According to Haas was sidelined by Szarkowski, Steichen's successor as curator at MoMA.

"Though introducing Haas’ work to a large audience and a major milestone in the history of the medium it would not come to have the same effect on the development of the artist’s career. On the contrary: Haas' exhibition though planned by Edward Steichen (renowned photographer and curator of MoMA at the time) was in the end realised by his successor John Szarkowski. With this shift in curatorship, Szarkowski would enforce a different taste. Having the duty to complete Steichen’s idea, but keen to champion his own and dissimilar ideas, Szarkowski’s enthusiasm regarding the artist and the exhibition Ernst Haas - Color Photography was meek, the praise in his accompanying texts all but faint.

Steichen, once in favor of pictorialism, thus a subjective photography, valued Haas’ profound use of the camera, while Szarkowski on the other hand chose to favor a less embellished sentiment; a more hard edge modernist inspired American approach. It was this disregard and clashing of personal agendas that would ultimately and erroneously see Haas excluded from the canon of color photography; his indisputable talent became the victim of the cyclical debate of what art photography should be."

So there you go. An incredible photographer with a gifted vision, sidelined by art-speak and politics. Oh how the world never changes!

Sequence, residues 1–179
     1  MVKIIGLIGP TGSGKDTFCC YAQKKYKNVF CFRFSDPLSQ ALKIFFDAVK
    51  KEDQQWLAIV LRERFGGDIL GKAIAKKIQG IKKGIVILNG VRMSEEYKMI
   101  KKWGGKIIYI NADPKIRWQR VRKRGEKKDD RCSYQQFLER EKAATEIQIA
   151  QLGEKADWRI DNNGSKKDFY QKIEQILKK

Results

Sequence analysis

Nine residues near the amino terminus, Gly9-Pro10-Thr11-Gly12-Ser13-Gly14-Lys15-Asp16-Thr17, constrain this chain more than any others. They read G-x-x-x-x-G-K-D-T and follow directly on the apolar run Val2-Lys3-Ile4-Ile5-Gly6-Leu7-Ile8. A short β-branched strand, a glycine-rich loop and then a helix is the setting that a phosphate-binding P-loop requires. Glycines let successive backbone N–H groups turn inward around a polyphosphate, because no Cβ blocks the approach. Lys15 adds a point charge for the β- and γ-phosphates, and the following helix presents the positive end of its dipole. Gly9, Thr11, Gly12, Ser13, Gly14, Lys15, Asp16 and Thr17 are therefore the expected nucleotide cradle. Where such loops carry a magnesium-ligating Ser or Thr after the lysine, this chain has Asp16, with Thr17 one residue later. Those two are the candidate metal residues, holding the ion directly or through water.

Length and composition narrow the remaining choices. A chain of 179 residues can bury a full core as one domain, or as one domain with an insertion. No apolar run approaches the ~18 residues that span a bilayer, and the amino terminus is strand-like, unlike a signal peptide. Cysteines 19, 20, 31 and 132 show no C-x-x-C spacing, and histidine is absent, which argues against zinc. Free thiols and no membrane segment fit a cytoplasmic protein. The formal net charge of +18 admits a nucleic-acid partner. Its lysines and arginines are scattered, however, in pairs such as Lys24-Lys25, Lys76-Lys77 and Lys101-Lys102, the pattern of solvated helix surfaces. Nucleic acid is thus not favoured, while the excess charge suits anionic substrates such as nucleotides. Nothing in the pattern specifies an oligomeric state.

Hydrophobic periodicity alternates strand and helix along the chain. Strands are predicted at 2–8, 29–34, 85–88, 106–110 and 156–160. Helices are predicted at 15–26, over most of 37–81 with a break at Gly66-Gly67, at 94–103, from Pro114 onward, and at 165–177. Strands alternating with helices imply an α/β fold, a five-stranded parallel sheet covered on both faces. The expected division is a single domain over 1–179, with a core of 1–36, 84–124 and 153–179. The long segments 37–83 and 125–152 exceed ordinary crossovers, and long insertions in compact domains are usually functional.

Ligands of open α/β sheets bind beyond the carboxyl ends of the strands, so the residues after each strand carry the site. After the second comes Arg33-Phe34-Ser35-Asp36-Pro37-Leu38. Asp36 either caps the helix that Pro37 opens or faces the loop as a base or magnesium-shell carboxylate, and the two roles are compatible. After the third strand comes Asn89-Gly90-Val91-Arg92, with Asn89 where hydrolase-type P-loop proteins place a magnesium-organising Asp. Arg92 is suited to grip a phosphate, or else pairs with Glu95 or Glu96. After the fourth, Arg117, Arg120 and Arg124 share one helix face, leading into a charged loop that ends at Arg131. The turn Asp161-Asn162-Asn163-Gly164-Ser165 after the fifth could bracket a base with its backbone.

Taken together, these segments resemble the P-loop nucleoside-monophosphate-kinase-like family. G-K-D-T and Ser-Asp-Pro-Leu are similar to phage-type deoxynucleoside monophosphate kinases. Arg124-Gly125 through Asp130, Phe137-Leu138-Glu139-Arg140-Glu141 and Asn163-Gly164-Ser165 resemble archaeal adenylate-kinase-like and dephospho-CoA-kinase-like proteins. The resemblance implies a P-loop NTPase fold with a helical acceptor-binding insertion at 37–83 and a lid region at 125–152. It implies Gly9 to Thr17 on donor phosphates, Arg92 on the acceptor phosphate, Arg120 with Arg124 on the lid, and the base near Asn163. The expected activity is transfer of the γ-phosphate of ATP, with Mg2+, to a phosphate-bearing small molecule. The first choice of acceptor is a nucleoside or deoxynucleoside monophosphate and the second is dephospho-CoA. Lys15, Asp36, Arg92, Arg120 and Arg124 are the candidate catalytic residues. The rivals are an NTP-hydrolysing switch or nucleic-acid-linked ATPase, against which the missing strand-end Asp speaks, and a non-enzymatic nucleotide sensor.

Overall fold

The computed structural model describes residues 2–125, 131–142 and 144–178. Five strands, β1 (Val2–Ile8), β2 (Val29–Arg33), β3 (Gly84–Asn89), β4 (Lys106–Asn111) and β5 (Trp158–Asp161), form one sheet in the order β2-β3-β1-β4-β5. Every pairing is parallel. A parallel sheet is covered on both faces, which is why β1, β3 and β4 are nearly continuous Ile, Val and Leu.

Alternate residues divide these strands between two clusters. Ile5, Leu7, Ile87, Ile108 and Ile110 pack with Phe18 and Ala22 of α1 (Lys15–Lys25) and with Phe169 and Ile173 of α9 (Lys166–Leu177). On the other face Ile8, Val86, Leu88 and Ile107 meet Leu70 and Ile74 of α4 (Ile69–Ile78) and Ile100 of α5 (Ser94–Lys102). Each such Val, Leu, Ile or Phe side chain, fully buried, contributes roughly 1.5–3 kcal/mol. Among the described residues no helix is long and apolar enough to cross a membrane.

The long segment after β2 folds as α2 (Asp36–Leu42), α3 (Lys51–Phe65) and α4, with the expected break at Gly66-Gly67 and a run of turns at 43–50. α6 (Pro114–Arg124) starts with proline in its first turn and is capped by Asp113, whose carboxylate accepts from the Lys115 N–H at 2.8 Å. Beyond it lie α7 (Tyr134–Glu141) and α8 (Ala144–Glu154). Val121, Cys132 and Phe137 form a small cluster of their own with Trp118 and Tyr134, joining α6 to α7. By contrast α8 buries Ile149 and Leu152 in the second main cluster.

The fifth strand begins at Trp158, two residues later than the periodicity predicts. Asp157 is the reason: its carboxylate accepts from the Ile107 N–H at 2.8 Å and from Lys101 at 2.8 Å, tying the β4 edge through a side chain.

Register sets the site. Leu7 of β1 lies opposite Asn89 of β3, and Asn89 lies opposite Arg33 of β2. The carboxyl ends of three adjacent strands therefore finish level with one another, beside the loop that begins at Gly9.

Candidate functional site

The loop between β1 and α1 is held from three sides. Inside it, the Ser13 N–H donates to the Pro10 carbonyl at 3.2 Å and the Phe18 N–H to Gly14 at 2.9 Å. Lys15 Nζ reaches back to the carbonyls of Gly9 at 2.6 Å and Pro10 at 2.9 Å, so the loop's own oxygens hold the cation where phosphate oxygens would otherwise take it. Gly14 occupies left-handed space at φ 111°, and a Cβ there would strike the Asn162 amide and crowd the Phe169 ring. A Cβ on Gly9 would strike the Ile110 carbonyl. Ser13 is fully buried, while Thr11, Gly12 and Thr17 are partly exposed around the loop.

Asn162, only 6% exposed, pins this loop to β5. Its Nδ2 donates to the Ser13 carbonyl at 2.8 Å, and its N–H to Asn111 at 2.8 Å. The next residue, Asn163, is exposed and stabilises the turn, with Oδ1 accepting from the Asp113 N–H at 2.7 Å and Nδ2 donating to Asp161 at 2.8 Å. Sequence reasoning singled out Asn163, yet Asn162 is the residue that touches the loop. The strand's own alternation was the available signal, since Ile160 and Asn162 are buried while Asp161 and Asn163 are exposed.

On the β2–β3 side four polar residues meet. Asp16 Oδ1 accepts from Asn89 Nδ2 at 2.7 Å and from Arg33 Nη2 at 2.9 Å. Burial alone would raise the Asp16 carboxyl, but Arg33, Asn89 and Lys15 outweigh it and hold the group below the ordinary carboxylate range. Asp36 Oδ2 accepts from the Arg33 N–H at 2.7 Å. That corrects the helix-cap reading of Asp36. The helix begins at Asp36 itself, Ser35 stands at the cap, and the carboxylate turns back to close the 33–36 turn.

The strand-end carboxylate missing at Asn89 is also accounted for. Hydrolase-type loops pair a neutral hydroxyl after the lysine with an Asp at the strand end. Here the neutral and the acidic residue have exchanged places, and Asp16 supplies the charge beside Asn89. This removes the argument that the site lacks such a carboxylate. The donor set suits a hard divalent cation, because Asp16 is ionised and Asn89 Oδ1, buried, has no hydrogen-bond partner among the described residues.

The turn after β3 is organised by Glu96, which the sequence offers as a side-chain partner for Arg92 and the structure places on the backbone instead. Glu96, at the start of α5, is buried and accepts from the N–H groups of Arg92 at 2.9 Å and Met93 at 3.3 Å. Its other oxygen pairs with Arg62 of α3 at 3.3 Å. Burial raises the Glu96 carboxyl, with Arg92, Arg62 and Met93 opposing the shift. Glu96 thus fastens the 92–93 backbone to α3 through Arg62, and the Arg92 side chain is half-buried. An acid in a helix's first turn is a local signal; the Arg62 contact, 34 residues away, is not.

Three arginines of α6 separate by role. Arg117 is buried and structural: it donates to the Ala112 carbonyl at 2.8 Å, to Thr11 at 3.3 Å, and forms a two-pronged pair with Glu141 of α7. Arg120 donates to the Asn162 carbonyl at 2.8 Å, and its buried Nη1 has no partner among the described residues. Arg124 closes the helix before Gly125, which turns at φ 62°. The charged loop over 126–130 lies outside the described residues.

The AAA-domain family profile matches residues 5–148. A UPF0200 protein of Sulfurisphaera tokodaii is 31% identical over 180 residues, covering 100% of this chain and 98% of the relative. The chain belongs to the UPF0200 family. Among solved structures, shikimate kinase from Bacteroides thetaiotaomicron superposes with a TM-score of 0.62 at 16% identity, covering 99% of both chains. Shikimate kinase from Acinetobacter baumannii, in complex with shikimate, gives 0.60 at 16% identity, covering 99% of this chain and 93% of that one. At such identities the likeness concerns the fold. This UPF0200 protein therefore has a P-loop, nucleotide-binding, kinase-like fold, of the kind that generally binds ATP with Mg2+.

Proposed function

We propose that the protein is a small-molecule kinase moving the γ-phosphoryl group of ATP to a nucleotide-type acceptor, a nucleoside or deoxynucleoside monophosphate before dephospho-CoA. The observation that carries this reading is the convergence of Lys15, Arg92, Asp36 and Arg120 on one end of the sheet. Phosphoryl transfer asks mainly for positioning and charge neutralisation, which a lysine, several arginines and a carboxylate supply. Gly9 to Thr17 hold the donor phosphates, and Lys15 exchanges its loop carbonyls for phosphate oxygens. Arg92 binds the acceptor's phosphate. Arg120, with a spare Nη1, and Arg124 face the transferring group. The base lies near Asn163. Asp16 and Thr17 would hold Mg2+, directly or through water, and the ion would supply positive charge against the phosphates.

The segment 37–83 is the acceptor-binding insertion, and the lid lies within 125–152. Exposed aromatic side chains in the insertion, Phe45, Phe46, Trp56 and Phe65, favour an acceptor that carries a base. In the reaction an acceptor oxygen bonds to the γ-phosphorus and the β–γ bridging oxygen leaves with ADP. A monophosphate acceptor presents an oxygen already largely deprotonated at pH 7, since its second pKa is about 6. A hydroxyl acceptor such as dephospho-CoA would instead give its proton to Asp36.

Repeatedly down-graded by the photo-cognoscenti, Mr.Haas became almost an after-thought in photographic history.
And yet the power moves on.
Steidl's book Ernst Haas - Color Correction and numerous bods like me on the net, are slowly trying to help his memory gain the reputation it deserves.
He should be uttered in the same breath as Adams and Weston, Steichen and Strand.
His almost surrealistic images and incredible sense of the use of simplicity and complexity in the same image, and above all his sense of colour, are profound.
I don't think I can look at colour photographs in the same light again without holding them up against this un-lauded Master.
Below are some images he made in New York, on Kodachrome, in the 1950's. 
The third of them takes me back to the start of this rather lengthy FB.

One can never know for sure, but if I were to bet on it, I would say that Mr.Karoli was incredibly influenced by Mr.Haas, and quite possibly by photograph number 3.
But who can say. All I know is that this all reads rather like Shooting the Past **** , and that it has been a pleasure to head off across country like this without anything being planned.
Colour photography can be rich and powerful, sensual and overwhelming, true and false. It can (if used carefully) be an enriching tool for the concerned photographer. You just have to be careful how you use it.
One day soon I will scratch that itch and load some colour film and see what happens, but all the time I will keep at the back of my mind Mr.Ernst Haas as the pinnacle of what you can do with it.
Don't you think he truly deserves to be more highly regarded?
Hope so.
Anyway, as usual, take care and stay dry.
Thanks for reading and as my friend Canadian Bob (who coincidentally grew up in 1950's New York) always says: Watch Out For The Signs.

** You have only to do a bit of a trawl on the 'net to discover that monochrome photography is not only alive and kicking, but is generally regarded as being the only serious form of photography

*** Hard. Damn hard!

**** About a photographic archive and starring Timothy Spall, it is one of the best dramas ever made by the BBC